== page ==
Rules of Summer by Shaun Tan
Enter the surreal world of two brothers with a picture told in few words and many pictures. The book takes place in the previous summer and explains what one of the brothers learned that summer. The lessons are strange, but the images are even wilder. The first lesson is “Never leave a red sock on the clothesline.” It is accompanied by a wonderful and magnificently creepy image of a huge rabbit the size of a house with a red eye staring over the wall as the two brothers cower on the other side. As the pages turn, the world gets odder and odder, forming a cohesive world but one that surprises, horrifies and delights.
As Tan blends humor with his frightening images, one starts to see a world that is beyond our own and yet strangely parallel. These brothers live in a different world, one with its own rules and laws but one that is hauntingly familiar to our own. Perhaps my favorite series of images is the series of pictures for “Never wait for an apology” where the younger brother is padlocked in a small steam engine with smoke pouring from the smokestack. Black birds fly past. Since all of the other images were done as single picture, I didn’t expect to turn the page and see the image continue from farther away. It all evoked so brilliantly the loneliness, the trapped feeling, the isolation of waiting for an apology.
Tan continues to surprise and delight in this new picture book. While not for everyone, there are some children who will adore this skewed world that speaks to our own. Appropriate for ages 6-10.
Reviewed from copy received from Arthur A. Levine Books.
Chandra’s Magic Light: A Story in Nepal by Theresa Heine and Judith Gueyfier
Chandra and her sister Deena were at the market when they saw a man selling a strange lamp. There was a large crowd around him as he explained that the lamp gathered energy from the sun. It would cost less money than a kerosene lamp over time, and it was much healthier too. Chandra’s baby brother had a bad cough, and she knew that this lamp would help him. But the lamp was too expensive for them so they headed home quickly to tell their father of the lamp. But their father didn’t understand the need for a magic lamp or have the funds to spend on one. The girls even showed their father a solar lamp that their neighbor had purchased, but still the cost was too high. So the sisters decided that they would work to get the down payment for a lamp. They picked rhododendrons in the hills and sold them at the market. But even then, they did not have enough money. This story focuses on the efforts of two girls to change the lives of their family members through one act of kindness and hard work.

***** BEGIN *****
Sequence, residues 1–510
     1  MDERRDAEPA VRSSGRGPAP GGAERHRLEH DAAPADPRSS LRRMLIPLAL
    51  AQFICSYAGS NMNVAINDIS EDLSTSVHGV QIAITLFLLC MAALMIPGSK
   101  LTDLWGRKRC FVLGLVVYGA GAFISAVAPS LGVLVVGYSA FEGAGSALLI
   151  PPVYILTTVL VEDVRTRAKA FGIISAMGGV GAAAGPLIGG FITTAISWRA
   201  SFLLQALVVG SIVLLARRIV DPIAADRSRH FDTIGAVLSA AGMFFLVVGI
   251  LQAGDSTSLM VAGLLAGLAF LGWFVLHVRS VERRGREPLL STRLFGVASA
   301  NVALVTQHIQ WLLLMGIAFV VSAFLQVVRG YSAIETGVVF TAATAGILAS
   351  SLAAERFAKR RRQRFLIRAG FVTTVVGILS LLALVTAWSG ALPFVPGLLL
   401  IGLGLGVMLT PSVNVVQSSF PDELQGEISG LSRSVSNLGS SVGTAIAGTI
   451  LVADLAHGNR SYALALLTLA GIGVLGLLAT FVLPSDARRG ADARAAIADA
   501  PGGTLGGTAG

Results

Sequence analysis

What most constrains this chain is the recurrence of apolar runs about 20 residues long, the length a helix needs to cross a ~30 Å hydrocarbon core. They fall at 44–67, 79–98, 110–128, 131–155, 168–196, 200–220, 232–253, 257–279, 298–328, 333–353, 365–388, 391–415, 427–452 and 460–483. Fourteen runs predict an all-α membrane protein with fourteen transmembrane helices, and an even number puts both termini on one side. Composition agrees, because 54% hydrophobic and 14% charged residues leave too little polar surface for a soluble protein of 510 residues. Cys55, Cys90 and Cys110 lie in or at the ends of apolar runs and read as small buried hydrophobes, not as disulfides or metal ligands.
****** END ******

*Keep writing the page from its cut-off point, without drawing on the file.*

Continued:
This book draws the reader into the world of Nepal, evoking the sights, smells and sounds of the busy market before launching into an explanation of the importance of the solar lamps. The authors make sure that readers understand the poverty of the family, the hardships they face and their inability to purchase the lamp they need. The final pages of the book contain facts about Nepal and the way people live there.
The illustrations are bright colored, filled with the colors of Nepal and with the bright colors of the clothing. When the girls head to pick rhododendrons, the pages fill with the blossoms. Those deep pinks and reds are also echoed throughout the home of the family and the clothes that the girls wear. The colors are rich and saturated.
A strong female protagonist, a just cause, a glimpse of Nepalese culture, and a message of sustainability make this a strong addition to any library. Appropriate for ages 4-6.
Reviewed from library copy.